The Vadstena Bracteate

The Vadstena Bracteate

The Vadstena Bracteate is so called because it was discovered in Vadstena, Sweden in 1774 and is formed of a thin sheet of round gold (bracteate in Latin means a thin piece of metal). The treasure was found alongside a ring and a piece of gold sheet and was nearly melted down by a local goldsmith.

Vadstena Bracteate Norse Discovery

The bracteate was believed to have been made in about AD 500 by first carving the design in relief on some resistant material, such as bronze or wood, and then pressing a thin sheet of gold over the carving.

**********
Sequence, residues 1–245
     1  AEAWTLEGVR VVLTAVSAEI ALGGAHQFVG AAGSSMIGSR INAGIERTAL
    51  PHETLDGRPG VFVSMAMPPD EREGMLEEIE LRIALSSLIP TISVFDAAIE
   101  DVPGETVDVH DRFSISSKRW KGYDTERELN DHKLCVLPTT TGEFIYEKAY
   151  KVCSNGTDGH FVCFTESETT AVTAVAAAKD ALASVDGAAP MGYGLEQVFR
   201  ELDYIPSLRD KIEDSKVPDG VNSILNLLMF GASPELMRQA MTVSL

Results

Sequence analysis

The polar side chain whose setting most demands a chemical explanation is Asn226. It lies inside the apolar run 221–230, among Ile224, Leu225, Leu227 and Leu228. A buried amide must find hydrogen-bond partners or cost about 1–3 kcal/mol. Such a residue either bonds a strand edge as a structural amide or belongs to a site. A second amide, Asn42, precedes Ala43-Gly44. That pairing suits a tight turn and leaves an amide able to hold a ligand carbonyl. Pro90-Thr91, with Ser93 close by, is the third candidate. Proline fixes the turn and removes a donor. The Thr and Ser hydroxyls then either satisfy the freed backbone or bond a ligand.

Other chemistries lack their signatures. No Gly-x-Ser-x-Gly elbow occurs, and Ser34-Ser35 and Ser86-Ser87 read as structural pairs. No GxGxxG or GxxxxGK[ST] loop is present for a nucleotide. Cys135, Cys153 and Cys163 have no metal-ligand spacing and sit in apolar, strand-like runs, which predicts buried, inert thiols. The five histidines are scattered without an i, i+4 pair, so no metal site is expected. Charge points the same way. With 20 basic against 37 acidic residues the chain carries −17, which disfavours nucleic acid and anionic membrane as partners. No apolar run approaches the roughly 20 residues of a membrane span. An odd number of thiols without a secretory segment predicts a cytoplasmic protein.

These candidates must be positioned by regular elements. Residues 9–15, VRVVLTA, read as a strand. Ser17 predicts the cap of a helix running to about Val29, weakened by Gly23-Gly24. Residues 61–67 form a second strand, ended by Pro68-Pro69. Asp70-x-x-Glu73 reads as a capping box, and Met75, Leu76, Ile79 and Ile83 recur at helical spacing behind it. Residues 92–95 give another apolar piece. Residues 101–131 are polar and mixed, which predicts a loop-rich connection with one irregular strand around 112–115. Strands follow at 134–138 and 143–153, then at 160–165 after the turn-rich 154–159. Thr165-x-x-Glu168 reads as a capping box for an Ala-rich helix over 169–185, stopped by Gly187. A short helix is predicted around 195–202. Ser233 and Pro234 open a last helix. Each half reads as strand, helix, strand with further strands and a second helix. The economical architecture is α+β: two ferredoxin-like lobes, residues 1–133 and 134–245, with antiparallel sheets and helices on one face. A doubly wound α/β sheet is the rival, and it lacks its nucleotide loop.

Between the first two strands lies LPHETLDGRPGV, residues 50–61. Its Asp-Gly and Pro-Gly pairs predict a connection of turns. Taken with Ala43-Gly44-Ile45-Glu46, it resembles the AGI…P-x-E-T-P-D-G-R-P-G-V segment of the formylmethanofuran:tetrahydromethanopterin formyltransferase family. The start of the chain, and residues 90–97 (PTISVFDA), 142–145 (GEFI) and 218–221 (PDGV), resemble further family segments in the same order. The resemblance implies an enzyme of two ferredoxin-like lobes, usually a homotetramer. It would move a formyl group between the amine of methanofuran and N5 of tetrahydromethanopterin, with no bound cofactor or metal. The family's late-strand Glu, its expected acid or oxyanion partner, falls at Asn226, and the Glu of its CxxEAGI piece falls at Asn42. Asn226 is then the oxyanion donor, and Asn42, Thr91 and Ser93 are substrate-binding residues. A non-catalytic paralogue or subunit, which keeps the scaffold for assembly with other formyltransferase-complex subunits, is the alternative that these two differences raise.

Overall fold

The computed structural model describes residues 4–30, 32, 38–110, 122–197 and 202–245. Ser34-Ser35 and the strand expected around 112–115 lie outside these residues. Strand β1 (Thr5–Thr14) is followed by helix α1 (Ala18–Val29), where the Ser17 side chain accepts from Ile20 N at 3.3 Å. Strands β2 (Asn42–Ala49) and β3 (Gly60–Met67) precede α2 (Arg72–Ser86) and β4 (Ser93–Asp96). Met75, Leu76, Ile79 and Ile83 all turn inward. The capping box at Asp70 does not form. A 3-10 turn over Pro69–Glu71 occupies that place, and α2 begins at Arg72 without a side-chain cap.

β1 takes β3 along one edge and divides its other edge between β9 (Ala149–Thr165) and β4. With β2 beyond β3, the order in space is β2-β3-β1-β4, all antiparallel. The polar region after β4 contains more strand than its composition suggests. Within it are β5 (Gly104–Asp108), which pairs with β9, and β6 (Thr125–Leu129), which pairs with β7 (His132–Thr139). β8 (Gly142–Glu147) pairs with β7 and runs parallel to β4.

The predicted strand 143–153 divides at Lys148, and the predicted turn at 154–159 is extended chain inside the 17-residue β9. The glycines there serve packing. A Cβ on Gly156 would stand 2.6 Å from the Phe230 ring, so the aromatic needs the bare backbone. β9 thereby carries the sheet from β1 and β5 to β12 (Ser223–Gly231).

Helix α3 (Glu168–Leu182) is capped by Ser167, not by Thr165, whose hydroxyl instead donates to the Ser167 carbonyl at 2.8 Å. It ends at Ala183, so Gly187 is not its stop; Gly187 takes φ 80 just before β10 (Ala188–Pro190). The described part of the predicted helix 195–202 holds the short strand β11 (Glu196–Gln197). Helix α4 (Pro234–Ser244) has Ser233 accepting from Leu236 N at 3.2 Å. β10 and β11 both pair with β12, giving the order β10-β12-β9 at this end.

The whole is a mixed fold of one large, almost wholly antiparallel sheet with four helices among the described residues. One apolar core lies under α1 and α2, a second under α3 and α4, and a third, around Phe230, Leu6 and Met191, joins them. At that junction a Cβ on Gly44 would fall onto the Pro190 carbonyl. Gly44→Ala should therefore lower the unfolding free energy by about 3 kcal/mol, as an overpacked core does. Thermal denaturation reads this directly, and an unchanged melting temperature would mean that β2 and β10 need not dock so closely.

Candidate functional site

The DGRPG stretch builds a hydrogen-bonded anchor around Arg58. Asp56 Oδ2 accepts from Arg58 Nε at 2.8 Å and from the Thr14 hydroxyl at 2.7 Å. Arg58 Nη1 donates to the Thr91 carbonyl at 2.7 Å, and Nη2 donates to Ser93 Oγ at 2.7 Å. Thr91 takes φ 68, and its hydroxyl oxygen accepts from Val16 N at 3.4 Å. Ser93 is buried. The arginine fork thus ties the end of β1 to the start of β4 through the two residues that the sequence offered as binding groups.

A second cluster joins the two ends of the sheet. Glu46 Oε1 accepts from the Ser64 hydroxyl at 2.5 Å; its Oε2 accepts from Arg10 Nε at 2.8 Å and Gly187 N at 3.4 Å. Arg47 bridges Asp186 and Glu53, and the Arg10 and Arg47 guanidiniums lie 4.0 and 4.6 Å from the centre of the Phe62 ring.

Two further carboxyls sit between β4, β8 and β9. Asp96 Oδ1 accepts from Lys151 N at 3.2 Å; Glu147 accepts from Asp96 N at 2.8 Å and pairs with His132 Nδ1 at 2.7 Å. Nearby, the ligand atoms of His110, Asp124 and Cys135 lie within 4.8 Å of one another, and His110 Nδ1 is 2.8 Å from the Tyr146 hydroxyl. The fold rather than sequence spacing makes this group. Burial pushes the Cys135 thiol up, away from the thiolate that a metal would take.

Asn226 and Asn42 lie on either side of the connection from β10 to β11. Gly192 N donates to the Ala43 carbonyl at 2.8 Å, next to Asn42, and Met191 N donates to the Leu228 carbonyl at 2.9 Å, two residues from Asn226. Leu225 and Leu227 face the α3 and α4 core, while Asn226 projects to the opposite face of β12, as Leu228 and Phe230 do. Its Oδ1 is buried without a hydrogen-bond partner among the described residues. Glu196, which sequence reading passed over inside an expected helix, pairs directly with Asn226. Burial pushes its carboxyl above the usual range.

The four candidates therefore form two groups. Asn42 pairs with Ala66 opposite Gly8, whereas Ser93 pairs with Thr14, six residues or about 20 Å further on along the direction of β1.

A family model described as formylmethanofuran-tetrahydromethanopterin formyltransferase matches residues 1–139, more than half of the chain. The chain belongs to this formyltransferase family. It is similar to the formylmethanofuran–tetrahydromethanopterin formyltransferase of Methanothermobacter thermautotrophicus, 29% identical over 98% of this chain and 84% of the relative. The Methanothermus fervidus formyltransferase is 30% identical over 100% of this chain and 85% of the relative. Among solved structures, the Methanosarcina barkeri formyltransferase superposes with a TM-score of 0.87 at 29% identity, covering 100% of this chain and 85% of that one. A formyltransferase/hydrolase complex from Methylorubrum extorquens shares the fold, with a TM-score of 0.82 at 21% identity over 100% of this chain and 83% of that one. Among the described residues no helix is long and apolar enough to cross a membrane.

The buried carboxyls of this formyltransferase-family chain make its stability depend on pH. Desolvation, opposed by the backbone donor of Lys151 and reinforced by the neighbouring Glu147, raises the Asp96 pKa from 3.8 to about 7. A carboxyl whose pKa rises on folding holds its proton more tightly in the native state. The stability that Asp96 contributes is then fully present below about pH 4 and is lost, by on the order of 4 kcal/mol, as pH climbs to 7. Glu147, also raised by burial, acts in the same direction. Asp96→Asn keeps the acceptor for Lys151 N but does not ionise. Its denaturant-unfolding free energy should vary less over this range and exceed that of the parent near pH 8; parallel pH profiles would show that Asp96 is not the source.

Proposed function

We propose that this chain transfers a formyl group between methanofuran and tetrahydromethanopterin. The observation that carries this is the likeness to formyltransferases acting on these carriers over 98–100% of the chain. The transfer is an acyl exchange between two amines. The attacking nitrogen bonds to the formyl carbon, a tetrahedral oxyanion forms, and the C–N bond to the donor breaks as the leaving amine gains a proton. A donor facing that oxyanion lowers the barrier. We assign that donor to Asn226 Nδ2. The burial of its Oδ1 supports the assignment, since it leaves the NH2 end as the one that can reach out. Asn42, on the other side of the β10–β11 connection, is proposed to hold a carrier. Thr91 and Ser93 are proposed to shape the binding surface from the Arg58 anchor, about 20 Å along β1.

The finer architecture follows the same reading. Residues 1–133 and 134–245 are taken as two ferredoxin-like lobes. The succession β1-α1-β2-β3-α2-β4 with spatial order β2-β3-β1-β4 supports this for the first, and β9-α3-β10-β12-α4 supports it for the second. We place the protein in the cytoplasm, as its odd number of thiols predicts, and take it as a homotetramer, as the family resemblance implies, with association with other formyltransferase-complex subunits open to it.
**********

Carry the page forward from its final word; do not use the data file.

The Vadstena bracteate features a four legged animal topped by a man's head. In front of the man is a bird thought to be a raven. Because of the raven association it has been assumed that the man is representative of the Norse god Odin.

Around Odin is a 24 character Futhark (runic alphabet) arranged in three groups of eight symbols separated by dots, followed by eight characters, tuwa tuwa, of unknown and perhaps magical, significance.

At the top of the bracteate is a bail (a loop to enable it to be hung on a chain) indicating that it must have been worn as an amulet probably designed to protect the wearer (interestingly the last rune is hidden by the bail suggesting that it was converted to an amulet after it was first made).

The Vadstena Bracteate was stolen in 1938 from the Swedish Museum of National Antiquities and has never been found.